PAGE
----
Anomaly Detection

Posted on Tue 01 December 2015 in TDDA

The Broader Process: Anomaly detection and Alerting.

The fourth major area we will focus on as we develop the ideas of test-driven data analysis is the correctness of the broader process. This relates partly to some of the ideas about consistency checking discussed earlier, but goes further.

A common situation with analysis processes is that they are used repeatedly on some kind of feed of data. When this is the case, in addition to checking the internal consistency of data, we have the opportunity to compare the current dataset with the previous datasets that have been seen with a view to detecting and reporting sudden and potentially unexpected changes. Simple examples might include changes in data volumes, shifts in distributions, increases in missing data rates and new or disappearing categories. More complex examples are multivariate, involving changes in the relationships between variables over time.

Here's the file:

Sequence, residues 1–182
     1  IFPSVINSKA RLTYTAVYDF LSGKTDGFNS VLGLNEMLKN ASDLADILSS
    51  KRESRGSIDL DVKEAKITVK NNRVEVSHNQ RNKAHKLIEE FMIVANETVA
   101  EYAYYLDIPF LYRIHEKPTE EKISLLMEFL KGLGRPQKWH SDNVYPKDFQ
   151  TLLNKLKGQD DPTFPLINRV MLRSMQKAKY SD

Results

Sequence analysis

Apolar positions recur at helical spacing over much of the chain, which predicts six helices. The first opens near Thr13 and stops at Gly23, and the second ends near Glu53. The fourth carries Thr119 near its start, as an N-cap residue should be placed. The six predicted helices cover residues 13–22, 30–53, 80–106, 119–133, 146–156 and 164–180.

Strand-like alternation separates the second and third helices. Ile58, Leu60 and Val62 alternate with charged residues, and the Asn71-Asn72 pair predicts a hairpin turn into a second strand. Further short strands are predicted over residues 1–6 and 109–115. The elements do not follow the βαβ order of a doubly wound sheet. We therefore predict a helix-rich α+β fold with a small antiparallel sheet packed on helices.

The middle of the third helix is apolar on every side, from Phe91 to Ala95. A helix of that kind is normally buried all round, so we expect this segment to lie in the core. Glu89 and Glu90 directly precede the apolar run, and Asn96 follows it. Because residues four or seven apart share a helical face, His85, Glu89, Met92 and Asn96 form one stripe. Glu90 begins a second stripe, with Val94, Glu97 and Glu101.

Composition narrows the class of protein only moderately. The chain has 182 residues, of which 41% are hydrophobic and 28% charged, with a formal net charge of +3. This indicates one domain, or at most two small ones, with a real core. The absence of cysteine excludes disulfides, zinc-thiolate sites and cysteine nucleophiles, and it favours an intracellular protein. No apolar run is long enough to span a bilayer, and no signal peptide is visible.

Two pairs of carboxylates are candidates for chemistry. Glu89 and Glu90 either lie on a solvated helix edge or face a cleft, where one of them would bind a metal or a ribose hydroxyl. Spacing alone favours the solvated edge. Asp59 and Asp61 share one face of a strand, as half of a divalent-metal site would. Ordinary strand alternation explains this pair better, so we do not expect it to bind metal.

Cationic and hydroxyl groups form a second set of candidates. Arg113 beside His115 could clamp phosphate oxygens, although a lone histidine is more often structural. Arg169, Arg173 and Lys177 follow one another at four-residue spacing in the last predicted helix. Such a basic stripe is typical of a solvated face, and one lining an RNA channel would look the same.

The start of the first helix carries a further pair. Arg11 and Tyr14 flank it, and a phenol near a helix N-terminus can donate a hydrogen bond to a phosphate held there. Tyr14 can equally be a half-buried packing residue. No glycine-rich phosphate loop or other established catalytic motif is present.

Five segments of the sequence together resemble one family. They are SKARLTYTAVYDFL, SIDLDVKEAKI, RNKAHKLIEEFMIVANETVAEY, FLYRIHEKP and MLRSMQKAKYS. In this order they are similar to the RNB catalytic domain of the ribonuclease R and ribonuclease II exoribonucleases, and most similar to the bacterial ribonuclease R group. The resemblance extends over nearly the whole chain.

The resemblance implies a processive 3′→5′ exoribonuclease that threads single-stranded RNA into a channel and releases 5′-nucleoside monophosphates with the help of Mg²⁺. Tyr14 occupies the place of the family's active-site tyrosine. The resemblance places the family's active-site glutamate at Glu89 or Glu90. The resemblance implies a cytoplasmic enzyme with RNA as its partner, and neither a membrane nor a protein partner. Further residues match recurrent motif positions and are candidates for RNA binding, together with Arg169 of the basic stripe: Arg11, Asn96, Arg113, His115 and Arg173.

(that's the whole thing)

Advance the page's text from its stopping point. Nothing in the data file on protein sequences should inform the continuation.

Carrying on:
While this can be a complex topic, simply tracking a time series of summary stats about various data (especially inputs) and setting thresholds for deviations between the current data and what's come before can catch a good many problems. A more sophisticated and ambitious approach might involve trying to do general automatic anomaly detection on the incoming data, again using information about data previously seen as a reference point.

Depending on how automated the process is, it might be appropriate for the result of such anomaly detection to be a simple section or note in the output, or the creation of some kind of alert (such as a triggered email).